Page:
23 Can outsiders be of help in resolving disagreements between married persons? Possibly, but they should not be called in unless both marriage partners agree to it. First, “plead your own cause with your fellowman, and do not reveal the confidential talk of another.” (Proverbs 25:9) There is a special risk in asking in-laws to arbitrate. They are not likely to be impartial. Wisely, the Bible says: “A man will leave his father and his mother and he must stick to his wife.” (Genesis 2:24) The same applies to the wife in relation to her parents and her husband. Instead of asking parents or in-laws to arbitrate, taking sides with one mate against the other, the husband and wife should stick together, recognizing their problems as ones that they share and that need to be worked out together. To appeal to outsiders without the other partner’s consent demeans both in the eyes of others. If you will communicate openly, honestly and lovingly, there is no reason why you should not be able to solve your problems yourselves. Other mature persons may be consulted for advice, but the solution ultimately rests with you and your mate.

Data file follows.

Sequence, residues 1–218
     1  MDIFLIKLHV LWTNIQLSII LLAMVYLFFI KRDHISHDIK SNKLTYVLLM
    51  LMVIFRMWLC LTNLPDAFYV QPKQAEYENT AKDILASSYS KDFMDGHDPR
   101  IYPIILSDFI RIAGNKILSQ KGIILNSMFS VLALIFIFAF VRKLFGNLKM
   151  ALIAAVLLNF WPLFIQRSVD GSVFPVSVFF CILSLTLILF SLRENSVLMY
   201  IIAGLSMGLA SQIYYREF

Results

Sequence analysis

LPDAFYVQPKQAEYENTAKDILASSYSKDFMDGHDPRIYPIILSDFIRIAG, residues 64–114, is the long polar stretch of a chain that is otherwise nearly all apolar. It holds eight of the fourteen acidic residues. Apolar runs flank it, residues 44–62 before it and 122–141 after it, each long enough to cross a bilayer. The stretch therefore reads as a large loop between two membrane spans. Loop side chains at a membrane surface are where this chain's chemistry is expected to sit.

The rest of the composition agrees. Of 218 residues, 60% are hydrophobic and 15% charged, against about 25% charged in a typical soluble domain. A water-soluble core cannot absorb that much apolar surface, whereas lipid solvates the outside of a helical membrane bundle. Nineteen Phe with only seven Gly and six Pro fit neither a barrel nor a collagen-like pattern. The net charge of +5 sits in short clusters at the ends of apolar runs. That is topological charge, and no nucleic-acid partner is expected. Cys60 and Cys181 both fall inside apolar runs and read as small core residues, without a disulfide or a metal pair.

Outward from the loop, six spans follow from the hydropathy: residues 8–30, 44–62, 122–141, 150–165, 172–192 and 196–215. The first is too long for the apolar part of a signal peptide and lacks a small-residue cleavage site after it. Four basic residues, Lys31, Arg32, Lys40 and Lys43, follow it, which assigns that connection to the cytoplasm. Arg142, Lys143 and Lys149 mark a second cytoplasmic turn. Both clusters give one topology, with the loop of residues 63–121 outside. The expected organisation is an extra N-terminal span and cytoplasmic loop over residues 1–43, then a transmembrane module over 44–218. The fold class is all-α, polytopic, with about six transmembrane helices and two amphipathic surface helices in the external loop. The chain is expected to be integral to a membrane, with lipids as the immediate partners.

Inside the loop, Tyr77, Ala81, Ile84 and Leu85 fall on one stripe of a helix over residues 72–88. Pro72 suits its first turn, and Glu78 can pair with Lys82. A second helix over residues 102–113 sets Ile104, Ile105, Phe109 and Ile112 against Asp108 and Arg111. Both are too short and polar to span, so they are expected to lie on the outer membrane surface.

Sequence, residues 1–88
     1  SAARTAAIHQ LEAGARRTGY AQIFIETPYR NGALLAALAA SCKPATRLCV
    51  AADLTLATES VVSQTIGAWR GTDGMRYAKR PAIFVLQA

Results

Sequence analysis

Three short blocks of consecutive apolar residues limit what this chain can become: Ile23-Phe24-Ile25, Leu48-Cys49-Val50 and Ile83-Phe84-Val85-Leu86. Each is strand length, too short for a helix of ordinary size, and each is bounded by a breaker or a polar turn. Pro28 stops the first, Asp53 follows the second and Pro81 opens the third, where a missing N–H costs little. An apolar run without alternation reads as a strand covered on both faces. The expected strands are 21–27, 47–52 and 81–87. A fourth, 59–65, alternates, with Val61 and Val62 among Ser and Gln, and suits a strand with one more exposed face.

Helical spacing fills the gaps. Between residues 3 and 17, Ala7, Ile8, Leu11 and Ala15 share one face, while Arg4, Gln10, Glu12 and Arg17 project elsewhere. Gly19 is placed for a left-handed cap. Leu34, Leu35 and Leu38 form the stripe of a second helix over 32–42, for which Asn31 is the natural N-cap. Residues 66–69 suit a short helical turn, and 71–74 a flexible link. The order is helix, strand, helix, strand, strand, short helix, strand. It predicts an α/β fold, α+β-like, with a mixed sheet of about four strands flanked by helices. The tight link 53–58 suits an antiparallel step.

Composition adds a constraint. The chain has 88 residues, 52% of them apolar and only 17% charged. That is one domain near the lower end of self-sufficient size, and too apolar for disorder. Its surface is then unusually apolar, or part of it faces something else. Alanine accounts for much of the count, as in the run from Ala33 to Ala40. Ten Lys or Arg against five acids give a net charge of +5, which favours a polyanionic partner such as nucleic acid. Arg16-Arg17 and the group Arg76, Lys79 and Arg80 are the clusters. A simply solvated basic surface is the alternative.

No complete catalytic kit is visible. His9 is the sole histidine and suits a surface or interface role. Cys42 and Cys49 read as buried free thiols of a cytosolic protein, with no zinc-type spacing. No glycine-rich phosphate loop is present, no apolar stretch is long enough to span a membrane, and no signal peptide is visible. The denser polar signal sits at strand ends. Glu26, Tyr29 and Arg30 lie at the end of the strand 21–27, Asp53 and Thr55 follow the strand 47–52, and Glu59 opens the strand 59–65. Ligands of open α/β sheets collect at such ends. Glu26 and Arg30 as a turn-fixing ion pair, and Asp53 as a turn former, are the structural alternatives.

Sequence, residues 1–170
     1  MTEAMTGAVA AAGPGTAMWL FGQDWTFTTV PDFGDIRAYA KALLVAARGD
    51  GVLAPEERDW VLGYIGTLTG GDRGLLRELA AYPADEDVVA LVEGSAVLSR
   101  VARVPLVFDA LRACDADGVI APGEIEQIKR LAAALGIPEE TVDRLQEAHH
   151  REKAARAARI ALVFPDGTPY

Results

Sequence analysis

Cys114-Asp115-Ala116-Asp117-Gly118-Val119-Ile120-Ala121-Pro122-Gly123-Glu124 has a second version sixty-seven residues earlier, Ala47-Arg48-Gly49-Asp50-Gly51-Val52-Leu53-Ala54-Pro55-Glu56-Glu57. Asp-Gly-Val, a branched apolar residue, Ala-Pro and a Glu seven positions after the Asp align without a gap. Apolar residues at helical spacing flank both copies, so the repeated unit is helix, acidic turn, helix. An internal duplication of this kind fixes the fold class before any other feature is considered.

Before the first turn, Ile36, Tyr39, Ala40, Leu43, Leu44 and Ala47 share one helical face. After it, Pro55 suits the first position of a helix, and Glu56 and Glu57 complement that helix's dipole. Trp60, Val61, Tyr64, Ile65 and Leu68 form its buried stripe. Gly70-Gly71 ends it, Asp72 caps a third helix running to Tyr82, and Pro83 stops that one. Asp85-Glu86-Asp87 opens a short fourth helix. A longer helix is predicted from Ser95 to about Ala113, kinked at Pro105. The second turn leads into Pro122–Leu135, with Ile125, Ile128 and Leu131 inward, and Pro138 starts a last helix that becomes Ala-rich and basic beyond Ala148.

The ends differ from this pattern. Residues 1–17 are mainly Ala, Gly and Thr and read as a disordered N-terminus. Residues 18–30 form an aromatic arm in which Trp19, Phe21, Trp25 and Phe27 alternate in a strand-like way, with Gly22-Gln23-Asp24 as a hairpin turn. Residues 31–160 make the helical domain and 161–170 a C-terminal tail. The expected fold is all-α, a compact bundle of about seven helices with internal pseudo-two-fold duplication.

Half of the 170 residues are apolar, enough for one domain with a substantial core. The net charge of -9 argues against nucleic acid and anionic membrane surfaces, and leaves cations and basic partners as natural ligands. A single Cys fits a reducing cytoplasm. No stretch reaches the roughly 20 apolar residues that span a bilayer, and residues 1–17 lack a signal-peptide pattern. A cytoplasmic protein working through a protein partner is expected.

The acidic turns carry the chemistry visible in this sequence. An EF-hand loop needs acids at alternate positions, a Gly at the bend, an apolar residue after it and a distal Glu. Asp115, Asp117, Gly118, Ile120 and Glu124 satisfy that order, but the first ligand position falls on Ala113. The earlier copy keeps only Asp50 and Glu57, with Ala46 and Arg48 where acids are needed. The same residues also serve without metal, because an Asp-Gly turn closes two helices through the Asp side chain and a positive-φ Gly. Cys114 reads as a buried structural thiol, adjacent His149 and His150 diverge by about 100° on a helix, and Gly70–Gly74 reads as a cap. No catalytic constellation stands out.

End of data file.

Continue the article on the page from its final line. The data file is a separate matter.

24, 25. What might a person do if pride interferes with the resolving of a marriage problem?
24 “Do not be conceited or think too highly of yourself,” the apostle Paul advises. (Romans 12:3, New English Bible) He then adds: “In showing honor to one another take the lead.” (Romans 12:10) Sometimes when our pride is injured it helps to reflect that we are not really so big. Certainly we are not big in comparison to the earth, and the earth is itself small in the solar system, which, in turn, is tiny in the universe. In Jehovah’s eyes “all the nations are as something nonexistent . . . as nothing and an unreality they have been accounted to him.” (Isaiah 40:17) Such thoughts help to keep things in perspective, to see that disagreements may not involve such vital things after all.
25 At times a sense of humor may also help us to keep from taking ourselves too seriously. To be able to laugh at yourself is a mark of maturity and smooths out many rough spots in life.
“CAST YOUR BREAD UPON THE WATERS”